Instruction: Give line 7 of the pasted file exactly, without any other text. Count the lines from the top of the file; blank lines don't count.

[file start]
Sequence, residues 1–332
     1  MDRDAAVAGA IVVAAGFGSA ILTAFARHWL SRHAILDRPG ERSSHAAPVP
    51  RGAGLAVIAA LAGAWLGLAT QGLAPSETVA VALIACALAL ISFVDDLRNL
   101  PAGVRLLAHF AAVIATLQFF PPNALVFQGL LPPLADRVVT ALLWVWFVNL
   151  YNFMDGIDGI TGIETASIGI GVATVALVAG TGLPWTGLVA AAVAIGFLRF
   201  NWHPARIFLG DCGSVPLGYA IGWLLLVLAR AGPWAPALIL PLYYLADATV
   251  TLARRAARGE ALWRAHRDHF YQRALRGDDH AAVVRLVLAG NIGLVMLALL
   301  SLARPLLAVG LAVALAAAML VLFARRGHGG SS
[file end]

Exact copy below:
   251  TLARRAARGE ALWRAHRDHF YQRALRGDDH AAVVRLVLAG NIGLVMLALL